Five Criteria for Positive Discipline
In a previous blog we talked about what Positive Discipline was. We learned that shame, guilt, and fear are not great motivators for changed behavior. Positive Discipline is an approach to parenting that is about mutual respect, being solution minded, and trying to find the underlying root to each behavior. Here are five criteria for Positive Discipline:
1. Helps children feel a sense of connection. Dr. Jane Nelson, co-founder of the Positive Discipline Association, says “Children do better when they feel better”. Why do we expect our children to behave better by guilting, shaming, and punishing them? Most old school parenting techniques revolve around getting a child to feel badly about their behavior and choices, in efforts to get them to make better decisions in the future. This is completely ineffective and damages our relationships with our children. If we want our children to make better choices and behave better, then we need to make sure they feel connected, significant, and like they belong. Only then will they be able to have the right mental space to make better choices.
2. It is mutually respectful and encouraging. We (hopefully) don’t shame our spouses, or co-workers when they make mistakes or have an emotional outburst, so why do we think it’s okay to treat our children that way? Why is it okay to talk down to them, make them feel bad, and tell them how wrong or bad they are? They are just tiny people learning how to navigate this world. It’s our job to model that for them and show them how to manage their feelings and behaviors. If we are able to treat them with respect instead of shame, they will in turn learn to treat us and others with respect as well. This doesn’t mean it’s passive parenting or we allow them to do anything they want, whenever they want. There is a balance here that we call being kind and firm at the same time. We can be respectful and kind in our parenting, while still being firm and direct. We can show love AND set the expectation or direction for behaviors and actions.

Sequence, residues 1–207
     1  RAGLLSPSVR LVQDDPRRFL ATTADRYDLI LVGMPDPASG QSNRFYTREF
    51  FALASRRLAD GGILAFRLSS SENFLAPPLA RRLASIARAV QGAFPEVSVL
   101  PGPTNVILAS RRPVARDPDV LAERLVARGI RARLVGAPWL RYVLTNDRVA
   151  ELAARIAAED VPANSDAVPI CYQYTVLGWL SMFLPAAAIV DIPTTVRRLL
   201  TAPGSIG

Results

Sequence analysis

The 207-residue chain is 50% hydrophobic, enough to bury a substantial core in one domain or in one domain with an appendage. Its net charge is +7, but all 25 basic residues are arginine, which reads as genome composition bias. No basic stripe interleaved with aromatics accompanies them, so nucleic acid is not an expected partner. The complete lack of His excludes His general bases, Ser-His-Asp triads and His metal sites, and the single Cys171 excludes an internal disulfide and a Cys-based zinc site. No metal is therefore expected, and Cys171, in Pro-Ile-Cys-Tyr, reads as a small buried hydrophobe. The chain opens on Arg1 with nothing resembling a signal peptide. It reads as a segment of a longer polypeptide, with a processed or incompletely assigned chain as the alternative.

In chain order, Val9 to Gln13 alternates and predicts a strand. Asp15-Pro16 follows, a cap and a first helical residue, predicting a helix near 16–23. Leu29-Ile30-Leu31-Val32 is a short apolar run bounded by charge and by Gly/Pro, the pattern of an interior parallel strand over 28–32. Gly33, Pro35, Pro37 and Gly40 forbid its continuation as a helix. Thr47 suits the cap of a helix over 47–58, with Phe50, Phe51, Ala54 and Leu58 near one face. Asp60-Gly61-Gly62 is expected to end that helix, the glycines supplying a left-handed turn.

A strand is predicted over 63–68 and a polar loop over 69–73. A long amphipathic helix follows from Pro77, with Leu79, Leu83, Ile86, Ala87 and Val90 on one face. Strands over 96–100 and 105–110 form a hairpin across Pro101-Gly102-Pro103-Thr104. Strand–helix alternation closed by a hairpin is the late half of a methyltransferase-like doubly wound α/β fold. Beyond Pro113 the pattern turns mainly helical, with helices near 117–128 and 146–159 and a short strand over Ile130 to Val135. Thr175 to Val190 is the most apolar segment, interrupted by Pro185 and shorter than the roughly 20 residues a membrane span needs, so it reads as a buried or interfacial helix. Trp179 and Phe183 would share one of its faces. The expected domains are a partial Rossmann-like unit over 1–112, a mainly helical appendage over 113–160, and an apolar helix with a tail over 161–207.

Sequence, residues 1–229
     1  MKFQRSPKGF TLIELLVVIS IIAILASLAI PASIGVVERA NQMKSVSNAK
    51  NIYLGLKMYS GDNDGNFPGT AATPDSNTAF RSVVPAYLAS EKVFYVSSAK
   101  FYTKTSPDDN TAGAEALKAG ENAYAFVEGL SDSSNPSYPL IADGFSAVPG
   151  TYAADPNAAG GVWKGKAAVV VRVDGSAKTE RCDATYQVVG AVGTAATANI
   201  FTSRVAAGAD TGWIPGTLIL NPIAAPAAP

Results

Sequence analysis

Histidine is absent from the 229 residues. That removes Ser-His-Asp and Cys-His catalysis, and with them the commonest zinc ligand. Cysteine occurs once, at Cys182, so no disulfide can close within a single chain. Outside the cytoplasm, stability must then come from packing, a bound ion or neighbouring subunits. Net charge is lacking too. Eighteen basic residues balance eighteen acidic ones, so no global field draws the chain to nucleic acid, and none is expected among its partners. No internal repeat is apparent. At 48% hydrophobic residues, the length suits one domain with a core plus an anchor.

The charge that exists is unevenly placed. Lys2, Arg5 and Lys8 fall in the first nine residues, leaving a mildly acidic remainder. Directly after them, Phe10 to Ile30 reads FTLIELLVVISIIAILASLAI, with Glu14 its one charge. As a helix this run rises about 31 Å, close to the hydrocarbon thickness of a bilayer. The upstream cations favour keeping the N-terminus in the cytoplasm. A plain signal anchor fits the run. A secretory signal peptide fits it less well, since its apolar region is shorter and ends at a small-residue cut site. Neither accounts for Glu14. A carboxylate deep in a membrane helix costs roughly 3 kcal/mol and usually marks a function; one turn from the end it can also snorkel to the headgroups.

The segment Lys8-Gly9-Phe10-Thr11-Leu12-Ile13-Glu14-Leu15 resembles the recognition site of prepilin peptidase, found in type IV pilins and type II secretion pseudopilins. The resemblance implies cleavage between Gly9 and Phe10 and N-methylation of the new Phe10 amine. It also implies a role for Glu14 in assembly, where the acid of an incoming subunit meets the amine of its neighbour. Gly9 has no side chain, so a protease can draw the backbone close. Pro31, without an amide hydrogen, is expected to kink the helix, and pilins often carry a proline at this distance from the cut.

3. It is effective in the long term. The biggest thing I hear from parents that use physical punishment and/or traditional time outs (stay in the corner and think about what you did!), is that it is effective for them. It gets the behavior to stop immediately and so they keep using it. They are right and wrong here. Yes, these techniques might produce the response they are looking for right away in the moment (tapping of the hands might keep a toddler out of a dog food bowl), but what are you actually accomplishing by doing that? They are learning how to fear you as a parent which is far different from respect. They are learning that it’s okay for someone they love and of authority to hit them in order to teach them a lesson. And they are learning to stop what they are doing only at that moment, only to do it again the next day because the physical punishment or the traditional time out doesn’t actually teach them anything. They aren’t learning why they are behaving that way, why they shouldn’t behave that way, or how they should behave in the future. The goal of Positive Discipline is to teach a lesson that is effective in the moment AND long term. We want the child to consider what they are thinking, feeling, learning, and deciding about themselves, their environment, and their own actions.